Image from TERRA
Wed, 28 Nov 2018 13:49 EST

Central Africa is still on fire a month after the October 30 image of the fire was posted. Most likely these fires are agricultural in nature.

Image from TERRA
Tue, 27 Nov 2018 10:47 EST

Just like the Woolsey Fire's scar which was highlighted on the NASA Fire page on November 16, the Camp Fire scar is visible from space in this image taken by the Terra satellite on November 26, 2018.

Image from TERRA
Thu, 15 Nov 2018 11:55 EST

In the wake of a fire, a burn scar appears which takes a long time to heal. This scar is from the Woolsey fire which has taken its toll around Thousand Oaks, California.

Dr. Michael D. King

Michael King (500x500)MODIS Team Leader 

University of Colorado
Boulder, CO 80303-7814
USA
Phone: (303) 492-8099
Email: michael.king at lasp.colorado.edu


Dr. Michael King is Senior Research Associate in the Laboratory for Atmospheric and Space Physics, University of Colorado. He previously served as Senior Project Scientist of NASA’s Earth Observing System (EOS) from 1992 to 2008. He joined Goddard Space Flight Center in January 1978 as a physical scientist, and served as Project Scientist of the Earth Radiation Budget Experiment (ERBE) from 1983-1992. His research experience includes conceiving, developing, and operating multispectral scanning radiometers from a number of aircraft platforms in field experiments ranging from arctic stratus clouds to smoke from the Kuwait oil fires and biomass burning in Brazil and southern Africa. He has also developed inversion algorithms for deriving aerosol size distribution and refractive index from ground-based sunphotometers used worldwide. Earlier, he developed the Cloud Absorption Radiometer for studying the absorption properties of optically thick clouds as well as the bidirectional reflectance properties of many natural surfaces, and is principal investigator of the MODIS Airborne Simulator, an imaging spectrometer that flies onboard the NASA ER-2 aircraft. This instrument has aided immeasurably in the development of atmospheric and land remote sensing algorithms for the Moderate Resolution Imaging Spectroradiometer (MODIS) instrument.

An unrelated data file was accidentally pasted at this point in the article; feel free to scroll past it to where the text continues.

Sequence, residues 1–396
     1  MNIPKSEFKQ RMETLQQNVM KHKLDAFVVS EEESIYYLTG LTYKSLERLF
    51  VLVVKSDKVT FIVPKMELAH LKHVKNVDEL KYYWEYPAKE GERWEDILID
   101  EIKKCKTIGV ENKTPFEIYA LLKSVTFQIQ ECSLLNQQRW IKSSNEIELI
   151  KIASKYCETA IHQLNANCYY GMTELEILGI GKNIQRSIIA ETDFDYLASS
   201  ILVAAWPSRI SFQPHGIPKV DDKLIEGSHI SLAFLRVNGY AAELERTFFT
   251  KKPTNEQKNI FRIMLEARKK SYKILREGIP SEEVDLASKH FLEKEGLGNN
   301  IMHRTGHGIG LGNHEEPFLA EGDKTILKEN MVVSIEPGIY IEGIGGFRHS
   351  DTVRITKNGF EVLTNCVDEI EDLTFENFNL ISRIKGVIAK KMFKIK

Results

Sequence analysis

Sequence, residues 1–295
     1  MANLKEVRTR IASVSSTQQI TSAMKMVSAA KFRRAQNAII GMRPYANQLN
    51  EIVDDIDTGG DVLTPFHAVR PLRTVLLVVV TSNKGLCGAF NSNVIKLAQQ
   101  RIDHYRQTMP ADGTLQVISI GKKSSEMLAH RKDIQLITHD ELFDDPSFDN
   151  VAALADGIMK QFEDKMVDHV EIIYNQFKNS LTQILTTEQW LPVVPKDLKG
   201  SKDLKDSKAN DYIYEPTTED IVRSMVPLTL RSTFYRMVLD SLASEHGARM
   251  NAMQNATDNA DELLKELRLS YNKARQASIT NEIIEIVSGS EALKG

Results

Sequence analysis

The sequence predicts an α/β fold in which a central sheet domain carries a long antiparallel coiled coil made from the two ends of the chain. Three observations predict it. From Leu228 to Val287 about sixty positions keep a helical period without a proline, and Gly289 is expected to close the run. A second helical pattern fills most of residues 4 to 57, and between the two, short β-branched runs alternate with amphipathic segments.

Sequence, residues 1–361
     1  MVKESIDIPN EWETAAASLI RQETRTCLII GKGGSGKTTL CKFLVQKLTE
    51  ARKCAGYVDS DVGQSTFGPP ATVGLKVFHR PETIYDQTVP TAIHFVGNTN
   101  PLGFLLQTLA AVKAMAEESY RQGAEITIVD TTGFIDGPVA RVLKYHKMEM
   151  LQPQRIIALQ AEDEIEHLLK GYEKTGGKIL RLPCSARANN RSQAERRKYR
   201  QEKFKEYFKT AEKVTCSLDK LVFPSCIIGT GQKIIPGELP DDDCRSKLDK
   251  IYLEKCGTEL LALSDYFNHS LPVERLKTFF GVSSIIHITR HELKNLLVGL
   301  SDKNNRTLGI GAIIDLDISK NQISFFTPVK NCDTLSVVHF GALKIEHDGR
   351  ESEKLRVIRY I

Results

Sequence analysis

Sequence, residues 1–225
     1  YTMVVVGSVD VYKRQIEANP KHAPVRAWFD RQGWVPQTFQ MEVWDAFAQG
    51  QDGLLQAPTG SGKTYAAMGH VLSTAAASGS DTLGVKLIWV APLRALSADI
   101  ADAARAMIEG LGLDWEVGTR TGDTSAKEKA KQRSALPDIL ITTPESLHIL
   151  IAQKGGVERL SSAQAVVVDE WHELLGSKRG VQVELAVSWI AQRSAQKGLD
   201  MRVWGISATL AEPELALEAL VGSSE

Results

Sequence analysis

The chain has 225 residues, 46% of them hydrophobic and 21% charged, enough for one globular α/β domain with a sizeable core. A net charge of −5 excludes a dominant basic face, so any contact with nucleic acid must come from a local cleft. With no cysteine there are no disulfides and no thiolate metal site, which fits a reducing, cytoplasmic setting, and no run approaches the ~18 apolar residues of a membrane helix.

As a MODIS Science Team member, he also led the development of 5 science algorithms being run routinely to process MODIS data, including the algorithm for determining cloud optical thickness and effective particle radius of both liquid water and ice clouds, and gridded global atmosphere properties at 1° × 1° latitude/longitude resolution.

Dr. King has received many awards and recognitions for his research and leadership in Earth system science, including election to the National Academy of Engineering, election as a Fellow of the American Meteorological Society (AMS), American Geophysical Union (AGU), American Association for the Advancement of Science (AAAS), and the Institute of Electrical and Electronics Engineers (IEEE). He is also a recipient of the Verner E. Suomi Award of the AMS and the Space Systems Award of the American Institute of Aeronautics and Astronautics (AIAA), and many NASA medals and awards.